Playas Provide Clean Water for Future Generations

A healthy playa lake is a primary way groundwater is replenished by surface water. And a playa with a perimeter plant buffer traps sediments and improves the quality of water as it moves to the aquifer below. When we can take steps to increase the amount of recharge to the aquifer by conserving and restoring […]

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A Playa Rehab on the West Texas Plains

Mark Hilliard of Hale County, Texas, bought the native grassland on which his playa sits from family members, then protected the playa and its grassland buffer with a permanent Wetlands Reserve Easement. He couldn’t be more happy with NRCS assistance removing sediment from the playa to improve its function and create bird habitat. Learn what’s involved in negotiating a perpetual easement.

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Playas Provide Direct Recharge Benefits to Landowners

When we started irrigating the High Plains in the 1950s, the Ogallala was understood to be that vast, virtually endless supply of water. When the water table dropped, we thought the groundwater could flow unimpeded from one area to another. But the groundwater of the Ogallala aquifer really doesn’t flow laterally with much speed. Playa […]

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Clovis Looks to Playas to Help Supply Future Municipal Water

The city of Clovis, New Mexico, is taking an innovative approach to ensuring its future water supply — playa conservation. And what this city of 38,000 is doing might become a model for other municipalities on the High Plains. The city government put a million dollars of economic development funds toward playa conservation. Most immediately […]

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A Playa Rehabilitation Story

New Mexico rancher John Wood has a 160-200 acre playa, named Buffalo Lake, in his pasture. Several years ago, The Nature Conservancy’s Tish McDaniel consulted Wood and assisted in restoring his playa. Wood says he’s now witnessing larger numbers of migrating birds, and thinks other wildlife have returned.

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Filling Pits in Playas on National Grasslands

Many playas on federal grasslands in southeast Colorado, southwest Kansas, New Mexico and the Oklahoma and Texas panhandles have pitted playas. There’s a cooperative effort underway to rehab some of these playas. Restored playas mean shallow water will return. When that happens, plants will burst forth, providing seeds the birds like, and attracting insects, a good source of protein.

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What’s the Problem With Pits?

Healthy, functioning playas provide important habitat for ducks, geese and other wildlife, and are areas of focused recharge to the Ogallala Aquifer. But many playas have been modified through tilling and pitting. Filling a pit allows rainwater and runoff to reach the large cracks in a dry playa floor – which is essential for recharge to occur – rather than collecting in the pit. The shallow water that spreads across the playa also allows plants and insects to flourish, which in turn provides important food and habitat for migrating birds and other wildlife.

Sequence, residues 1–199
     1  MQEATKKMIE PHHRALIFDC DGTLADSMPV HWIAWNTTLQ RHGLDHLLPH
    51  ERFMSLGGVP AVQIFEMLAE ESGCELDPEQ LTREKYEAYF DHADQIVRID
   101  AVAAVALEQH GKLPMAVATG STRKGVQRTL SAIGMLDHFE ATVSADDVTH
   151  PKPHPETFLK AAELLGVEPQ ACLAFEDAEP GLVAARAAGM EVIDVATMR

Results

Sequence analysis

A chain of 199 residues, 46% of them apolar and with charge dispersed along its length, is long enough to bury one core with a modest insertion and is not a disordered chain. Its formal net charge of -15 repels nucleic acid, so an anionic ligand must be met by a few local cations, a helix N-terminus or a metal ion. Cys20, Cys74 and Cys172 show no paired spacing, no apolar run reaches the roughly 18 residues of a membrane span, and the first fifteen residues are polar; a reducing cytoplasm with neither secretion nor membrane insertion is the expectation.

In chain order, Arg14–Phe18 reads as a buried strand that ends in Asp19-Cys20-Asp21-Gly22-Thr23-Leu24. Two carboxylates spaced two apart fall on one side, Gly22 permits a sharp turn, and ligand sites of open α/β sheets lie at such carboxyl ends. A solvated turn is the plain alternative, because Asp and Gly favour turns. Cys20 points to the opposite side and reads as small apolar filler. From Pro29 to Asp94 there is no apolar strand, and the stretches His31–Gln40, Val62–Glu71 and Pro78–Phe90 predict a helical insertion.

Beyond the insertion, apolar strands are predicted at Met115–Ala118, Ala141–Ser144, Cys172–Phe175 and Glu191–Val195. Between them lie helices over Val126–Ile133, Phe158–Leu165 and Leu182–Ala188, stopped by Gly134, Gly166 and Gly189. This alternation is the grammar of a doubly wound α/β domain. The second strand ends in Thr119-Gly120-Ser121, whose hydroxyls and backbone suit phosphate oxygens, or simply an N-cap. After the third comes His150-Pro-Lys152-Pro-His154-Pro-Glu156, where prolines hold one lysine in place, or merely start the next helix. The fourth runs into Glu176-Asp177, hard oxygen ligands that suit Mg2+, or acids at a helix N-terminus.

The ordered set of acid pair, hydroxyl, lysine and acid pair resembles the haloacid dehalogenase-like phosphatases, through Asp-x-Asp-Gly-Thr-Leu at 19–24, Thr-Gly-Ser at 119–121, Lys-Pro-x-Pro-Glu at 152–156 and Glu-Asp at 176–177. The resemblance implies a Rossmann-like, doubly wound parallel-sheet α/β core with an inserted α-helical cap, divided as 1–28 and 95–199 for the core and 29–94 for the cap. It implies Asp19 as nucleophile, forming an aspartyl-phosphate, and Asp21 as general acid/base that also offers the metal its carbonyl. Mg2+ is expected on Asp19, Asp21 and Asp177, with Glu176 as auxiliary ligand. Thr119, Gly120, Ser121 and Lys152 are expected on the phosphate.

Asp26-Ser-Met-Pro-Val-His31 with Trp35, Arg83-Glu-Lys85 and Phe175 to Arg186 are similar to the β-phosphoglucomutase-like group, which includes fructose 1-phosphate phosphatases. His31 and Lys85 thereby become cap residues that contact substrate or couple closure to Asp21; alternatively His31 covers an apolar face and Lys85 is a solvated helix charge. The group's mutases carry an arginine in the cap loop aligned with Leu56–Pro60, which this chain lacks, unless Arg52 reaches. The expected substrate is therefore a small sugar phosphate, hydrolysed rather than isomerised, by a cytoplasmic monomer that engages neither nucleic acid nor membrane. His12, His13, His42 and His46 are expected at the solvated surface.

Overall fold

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What Are Playas?

We grew up on the High Plains thinking of those occasionally muddy pasture depressions as “buffalo wallows” or “mud holes.” Turns out, scientists are learning those playas play a significant role in recharging the Ogallala aquifer. They are the most numerous wetland in the region, more than 75,000 of them, and they’re an important source of water — both for people and wildlife.

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Playa Renovation on Haynes Farm in Colorado

Larry Haynes, a farmer from Holyoke, Colorado, talks about putting land “to its best use.” For decades he attempted to farm playas in his fields, but said he “rarely” was able to harvest crops grown in those wetlands. So he renovated and planted large buffers around them, thus putting the playas “to their best use” as wildlife habitat.

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Conserving Playas Provides Lush Grazing and Bird Habitat

Shaw Family Farms had several playas that often made farming the field a challenging proposition. The Shaws fenced-off 80 acres, developed those resident playas by restoring natural hydrology and planting grass buffers. They further enhanced the parcel by planting a variety of grasses and forbs to attract bugs and birds, then put the land in a permanent conservation easement. Their cows and calves now graze the wetland parcel, and bugs and birds are attracted to the forbs and seeds.

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